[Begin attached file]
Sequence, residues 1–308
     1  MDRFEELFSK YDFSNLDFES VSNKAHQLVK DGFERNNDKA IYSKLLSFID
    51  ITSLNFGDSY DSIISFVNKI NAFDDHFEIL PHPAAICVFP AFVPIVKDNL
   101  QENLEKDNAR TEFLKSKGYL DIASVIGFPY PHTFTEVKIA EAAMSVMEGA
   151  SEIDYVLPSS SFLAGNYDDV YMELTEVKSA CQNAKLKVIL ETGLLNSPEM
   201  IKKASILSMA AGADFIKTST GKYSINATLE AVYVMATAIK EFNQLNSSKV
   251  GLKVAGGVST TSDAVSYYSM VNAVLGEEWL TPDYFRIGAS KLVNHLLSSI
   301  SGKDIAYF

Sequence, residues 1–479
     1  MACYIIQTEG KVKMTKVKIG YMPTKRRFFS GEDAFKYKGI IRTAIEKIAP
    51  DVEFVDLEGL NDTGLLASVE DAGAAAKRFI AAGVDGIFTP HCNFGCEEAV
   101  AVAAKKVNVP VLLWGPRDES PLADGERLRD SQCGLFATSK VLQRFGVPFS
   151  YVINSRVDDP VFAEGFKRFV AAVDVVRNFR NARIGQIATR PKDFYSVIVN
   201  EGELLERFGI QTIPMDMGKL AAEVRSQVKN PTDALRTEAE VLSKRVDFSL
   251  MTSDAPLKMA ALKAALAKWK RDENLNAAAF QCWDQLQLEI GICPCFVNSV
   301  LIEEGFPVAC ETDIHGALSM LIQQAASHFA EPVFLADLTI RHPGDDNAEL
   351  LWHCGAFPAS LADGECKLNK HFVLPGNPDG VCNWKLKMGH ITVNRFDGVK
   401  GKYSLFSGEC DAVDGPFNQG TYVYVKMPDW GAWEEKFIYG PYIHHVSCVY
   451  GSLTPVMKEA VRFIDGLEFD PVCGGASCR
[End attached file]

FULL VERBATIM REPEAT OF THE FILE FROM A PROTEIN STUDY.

Sequence, residues 1–308
     1  MDRFEELFSK YDFSNLDFES VSNKAHQLVK DGFERNNDKA IYSKLLSFID
    51  ITSLNFGDSY DSIISFVNKI NAFDDHFEIL PHPAAICVFP AFVPIVKDNL
   101  QENLEKDNAR TEFLKSKGYL DIASVIGFPY PHTFTEVKIA EAAMSVMEGA
   151  SEIDYVLPSS SFLAGNYDDV YMELTEVKSA CQNAKLKVIL ETGLLNSPEM
   201  IKKASILSMA AGADFIKTST GKYSINATLE AVYVMATAIK EFNQLNSSKV
   251  GLKVAGGVST TSDAVSYYSM VNAVLGEEWL TPDYFRIGAS KLVNHLLSSI
   301  SGKDIAYF

Sequence, residues 1–479
     1  MACYIIQTEG KVKMTKVKIG YMPTKRRFFS GEDAFKYKGI IRTAIEKIAP
    51  DVEFVDLEGL NDTGLLASVE DAGAAAKRFI AAGVDGIFTP HCNFGCEEAV
   101  AVAAKKVNVP VLLWGPRDES PLADGERLRD SQCGLFATSK VLQRFGVPFS
   151  YVINSRVDDP VFAEGFKRFV AAVDVVRNFR NARIGQIATR PKDFYSVIVN
   201  EGELLERFGI QTIPMDMGKL AAEVRSQVKN PTDALRTEAE VLSKRVDFSL
   251  MTSDAPLKMA ALKAALAKWK RDENLNAAAF QCWDQLQLEI GICPCFVNSV
   301  LIEEGFPVAC ETDIHGALSM LIQQAASHFA EPVFLADLTI RHPGDDNAEL
   351  LWHCGAFPAS LADGECKLNK HFVLPGNPDG VCNWKLKMGH ITVNRFDGVK
   401  GKYSLFSGEC DAVDGPFNQG TYVYVKMPDW GAWEEKFIYG PYIHHVSCVY
   451  GSLTPVMKEA VRFIDGLEFD PVCGGASCR